Nobody likes being stuck at an airport for hours, waiting on a delayed or canceled flight. While the occasional delay is inevitable, you can at least hedge your bets by looking up how frequently flights arrive on time before you book your trip. Federal regulations require that every major air carrier publish its on-time percentages, considering any flight that doesn't reach the gate within 15 minutes of the projected arrival time being listed as "late."
Finding On-Time Data
There's a catch here: While the airlines have to tell you how frequently they arrive on time, they don't necessarily have to make that information obvious. Exactly where you'll find on-time stats varies between airlines; usually you can see the information by either clicking the flight number, hovering your mouse cursor over the flight, or looking for a link – which might not be obvious – that will then take you to the on-time results. If a flight is canceled at least 5 percent of the time, the airline also has to tell you how frequently the cancellations happen.
Other Places to Find On-Time Percentages
Smaller, regional airlines aren't required to publish their cancellation or on-time percentages. So, if you're flying an airline that withholds this information or just want another way to look up the information, you have a few options. You can go to the U.S. Department of Transportation's Bureau of Transportation Statistics page and search for cancellation and delay information by airport or air carrier. You can also access the same information through FlyOnTime.us, FlightStats.com and FlightAware.com. The U.S. DOT's statistics page give statistics only for domestic flights, while FlightStats.com and FlightAware.com give statistics for both domestic and international flights. FlightStats and FlightAware are also available as mobile apps.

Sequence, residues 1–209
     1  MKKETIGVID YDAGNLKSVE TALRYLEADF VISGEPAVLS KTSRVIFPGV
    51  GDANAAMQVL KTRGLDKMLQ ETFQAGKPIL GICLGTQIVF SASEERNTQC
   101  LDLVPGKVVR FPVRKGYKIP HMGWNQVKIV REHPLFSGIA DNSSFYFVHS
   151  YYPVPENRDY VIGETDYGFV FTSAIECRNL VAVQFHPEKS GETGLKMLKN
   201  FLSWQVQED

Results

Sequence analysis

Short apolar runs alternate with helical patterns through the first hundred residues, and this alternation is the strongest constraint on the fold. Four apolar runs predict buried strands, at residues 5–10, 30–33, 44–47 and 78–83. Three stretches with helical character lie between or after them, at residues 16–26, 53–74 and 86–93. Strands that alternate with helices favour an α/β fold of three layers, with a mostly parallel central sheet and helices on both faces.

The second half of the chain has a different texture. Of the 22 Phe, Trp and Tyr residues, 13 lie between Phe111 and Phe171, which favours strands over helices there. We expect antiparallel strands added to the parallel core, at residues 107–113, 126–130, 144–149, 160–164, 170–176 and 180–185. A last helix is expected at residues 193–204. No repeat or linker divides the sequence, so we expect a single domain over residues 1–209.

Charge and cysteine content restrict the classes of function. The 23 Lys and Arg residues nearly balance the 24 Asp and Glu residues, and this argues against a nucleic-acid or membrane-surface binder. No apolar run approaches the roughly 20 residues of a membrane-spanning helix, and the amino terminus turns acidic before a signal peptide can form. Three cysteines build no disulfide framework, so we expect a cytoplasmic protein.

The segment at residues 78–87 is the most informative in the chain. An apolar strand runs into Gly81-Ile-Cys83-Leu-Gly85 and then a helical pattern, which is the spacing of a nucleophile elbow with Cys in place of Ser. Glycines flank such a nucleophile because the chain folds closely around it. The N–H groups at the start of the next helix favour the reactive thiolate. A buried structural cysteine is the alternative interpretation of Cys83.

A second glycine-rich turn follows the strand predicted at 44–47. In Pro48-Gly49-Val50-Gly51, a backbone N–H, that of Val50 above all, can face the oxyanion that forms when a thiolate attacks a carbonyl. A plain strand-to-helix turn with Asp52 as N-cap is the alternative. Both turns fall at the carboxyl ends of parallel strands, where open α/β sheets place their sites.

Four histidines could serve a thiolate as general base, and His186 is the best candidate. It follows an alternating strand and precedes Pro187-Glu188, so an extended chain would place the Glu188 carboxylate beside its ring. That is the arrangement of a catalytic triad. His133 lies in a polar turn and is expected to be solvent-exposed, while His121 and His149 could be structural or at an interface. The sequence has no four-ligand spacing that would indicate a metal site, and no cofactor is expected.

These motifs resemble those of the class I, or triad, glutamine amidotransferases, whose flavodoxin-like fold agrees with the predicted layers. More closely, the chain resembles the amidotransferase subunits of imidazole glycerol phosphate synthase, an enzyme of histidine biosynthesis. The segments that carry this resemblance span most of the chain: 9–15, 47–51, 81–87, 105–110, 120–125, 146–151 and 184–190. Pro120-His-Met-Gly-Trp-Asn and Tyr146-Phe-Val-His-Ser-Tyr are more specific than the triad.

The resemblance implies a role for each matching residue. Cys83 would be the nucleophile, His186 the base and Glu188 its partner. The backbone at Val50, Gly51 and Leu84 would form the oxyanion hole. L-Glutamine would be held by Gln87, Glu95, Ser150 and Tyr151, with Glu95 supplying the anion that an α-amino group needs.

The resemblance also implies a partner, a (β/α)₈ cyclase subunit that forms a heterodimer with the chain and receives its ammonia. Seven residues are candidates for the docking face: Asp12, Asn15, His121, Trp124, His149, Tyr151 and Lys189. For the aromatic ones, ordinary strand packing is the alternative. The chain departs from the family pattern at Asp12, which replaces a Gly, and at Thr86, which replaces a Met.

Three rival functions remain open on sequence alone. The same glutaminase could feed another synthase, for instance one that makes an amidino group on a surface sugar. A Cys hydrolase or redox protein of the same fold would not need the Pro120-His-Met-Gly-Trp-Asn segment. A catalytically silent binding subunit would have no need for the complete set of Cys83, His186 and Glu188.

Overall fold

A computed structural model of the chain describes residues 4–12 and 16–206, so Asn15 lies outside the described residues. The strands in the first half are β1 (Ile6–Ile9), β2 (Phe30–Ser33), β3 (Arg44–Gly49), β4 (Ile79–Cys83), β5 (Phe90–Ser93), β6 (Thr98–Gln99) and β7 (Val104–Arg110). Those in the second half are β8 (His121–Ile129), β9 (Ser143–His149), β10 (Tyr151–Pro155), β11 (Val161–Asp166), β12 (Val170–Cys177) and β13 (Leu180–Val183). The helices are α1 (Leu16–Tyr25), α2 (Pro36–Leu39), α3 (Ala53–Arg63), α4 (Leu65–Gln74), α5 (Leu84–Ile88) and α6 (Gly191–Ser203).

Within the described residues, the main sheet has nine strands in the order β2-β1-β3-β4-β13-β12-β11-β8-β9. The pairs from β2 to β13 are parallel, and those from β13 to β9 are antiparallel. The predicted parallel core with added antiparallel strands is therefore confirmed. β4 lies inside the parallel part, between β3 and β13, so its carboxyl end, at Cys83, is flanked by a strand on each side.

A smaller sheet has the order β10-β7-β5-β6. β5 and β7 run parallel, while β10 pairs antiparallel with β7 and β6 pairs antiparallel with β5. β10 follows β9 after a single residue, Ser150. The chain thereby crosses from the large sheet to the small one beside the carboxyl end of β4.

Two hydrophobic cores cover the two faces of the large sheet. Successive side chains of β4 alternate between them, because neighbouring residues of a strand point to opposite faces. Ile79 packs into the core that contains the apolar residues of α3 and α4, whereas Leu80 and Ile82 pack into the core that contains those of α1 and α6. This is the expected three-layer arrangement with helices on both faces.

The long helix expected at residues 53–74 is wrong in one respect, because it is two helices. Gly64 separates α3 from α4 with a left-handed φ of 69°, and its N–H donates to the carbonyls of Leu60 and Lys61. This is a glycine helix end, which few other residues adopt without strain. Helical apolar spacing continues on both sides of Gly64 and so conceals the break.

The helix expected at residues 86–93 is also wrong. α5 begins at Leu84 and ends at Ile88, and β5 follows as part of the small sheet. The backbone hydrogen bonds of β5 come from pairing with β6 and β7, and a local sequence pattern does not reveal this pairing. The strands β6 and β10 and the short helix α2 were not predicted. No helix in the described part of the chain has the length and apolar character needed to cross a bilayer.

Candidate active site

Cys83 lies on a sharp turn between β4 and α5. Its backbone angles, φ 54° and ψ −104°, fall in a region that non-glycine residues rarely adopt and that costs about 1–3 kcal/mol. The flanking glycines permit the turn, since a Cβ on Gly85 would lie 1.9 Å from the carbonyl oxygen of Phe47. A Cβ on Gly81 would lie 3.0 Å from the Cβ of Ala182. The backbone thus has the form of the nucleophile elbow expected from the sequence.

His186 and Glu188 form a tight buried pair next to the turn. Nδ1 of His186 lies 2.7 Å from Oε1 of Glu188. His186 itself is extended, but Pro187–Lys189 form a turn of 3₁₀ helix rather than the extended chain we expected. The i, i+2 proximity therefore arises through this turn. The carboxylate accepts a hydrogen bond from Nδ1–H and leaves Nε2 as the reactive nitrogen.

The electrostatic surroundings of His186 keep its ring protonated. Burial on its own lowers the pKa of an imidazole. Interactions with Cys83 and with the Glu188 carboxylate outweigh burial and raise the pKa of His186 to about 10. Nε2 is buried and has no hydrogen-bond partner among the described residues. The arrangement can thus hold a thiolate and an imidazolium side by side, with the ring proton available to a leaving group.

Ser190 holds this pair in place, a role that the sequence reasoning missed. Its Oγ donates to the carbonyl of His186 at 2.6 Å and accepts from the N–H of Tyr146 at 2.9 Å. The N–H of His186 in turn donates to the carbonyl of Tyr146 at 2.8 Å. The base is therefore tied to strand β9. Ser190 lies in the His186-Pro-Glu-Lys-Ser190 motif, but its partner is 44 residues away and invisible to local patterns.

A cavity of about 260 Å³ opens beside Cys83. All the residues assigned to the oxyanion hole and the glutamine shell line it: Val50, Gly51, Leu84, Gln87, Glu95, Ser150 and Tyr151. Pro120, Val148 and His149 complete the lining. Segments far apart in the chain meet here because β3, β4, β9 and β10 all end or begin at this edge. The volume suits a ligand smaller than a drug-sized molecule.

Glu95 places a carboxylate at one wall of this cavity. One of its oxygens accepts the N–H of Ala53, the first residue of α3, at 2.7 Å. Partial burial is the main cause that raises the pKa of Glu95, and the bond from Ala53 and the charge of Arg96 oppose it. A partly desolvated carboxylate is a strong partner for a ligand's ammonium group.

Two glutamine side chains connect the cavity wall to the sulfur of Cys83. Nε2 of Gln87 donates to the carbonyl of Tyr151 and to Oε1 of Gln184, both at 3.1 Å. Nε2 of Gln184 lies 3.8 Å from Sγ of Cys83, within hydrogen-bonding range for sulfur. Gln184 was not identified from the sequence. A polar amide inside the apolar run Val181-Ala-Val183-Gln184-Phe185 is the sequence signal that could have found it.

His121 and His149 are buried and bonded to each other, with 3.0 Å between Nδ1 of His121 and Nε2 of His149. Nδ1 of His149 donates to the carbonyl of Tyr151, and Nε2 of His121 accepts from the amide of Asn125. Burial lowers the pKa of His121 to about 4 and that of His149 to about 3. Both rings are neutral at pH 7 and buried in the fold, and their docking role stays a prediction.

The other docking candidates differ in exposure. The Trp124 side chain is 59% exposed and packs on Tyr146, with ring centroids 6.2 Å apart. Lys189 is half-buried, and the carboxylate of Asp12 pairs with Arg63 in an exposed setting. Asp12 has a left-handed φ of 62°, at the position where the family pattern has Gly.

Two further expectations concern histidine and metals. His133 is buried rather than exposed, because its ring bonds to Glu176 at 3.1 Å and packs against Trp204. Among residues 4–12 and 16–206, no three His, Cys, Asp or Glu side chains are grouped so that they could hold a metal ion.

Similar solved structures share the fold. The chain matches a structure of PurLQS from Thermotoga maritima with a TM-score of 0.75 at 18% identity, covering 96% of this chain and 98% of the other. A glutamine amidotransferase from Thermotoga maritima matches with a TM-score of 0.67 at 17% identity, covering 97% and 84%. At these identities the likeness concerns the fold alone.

Finding Out What Causes Delays
Since 2003, the U.S. DOT has collected data on the cause of airline delays. The delays are classed in five broad categories:
- Extreme weather, whether existing or forecasted
- Airline-specific problems, including maintenance and crew issues, aircraft cleaning and loading
- Late arrival of the previous flight, causing this subsequent flight to start out late
- Miscellaneous "National Aviation System" delays, including non-extreme weather, heavy traffic and problems with air traffic control
- Security issues causing delays or cancellations
The easiest way of finding this information is to browse the U.S. DOT's Bureau of Transportation Statistics website.
For the latest reported month, November 2022, nearly 80% of domestic flights were on-time:
Number of Operations and % of Total Operations
- On Time 436,921 79.96%
- Air Carrier Delay 37,076 6.79%
- Weather Delay 3,062 0.56%
- National Aviation System Delay 27,987 5.12%
- Security Delay 289 0.05%
- Aircraft Arriving Late 33,864 6.20%
- Cancelled 6,189 1.13%
- Diverted 1,022 0.19%
- Total Operations 546,410 100.00%
There's nothing an airline can do to avoid delays caused by airport factors that are outside their control, like congested taxiways. So if being on time is truly important to you, plan your trip to avoid airports like New York's JFK and LaGuardia, Boston, Chicago, Los Angeles and San Francisco, all of which are notorious for frequent delays.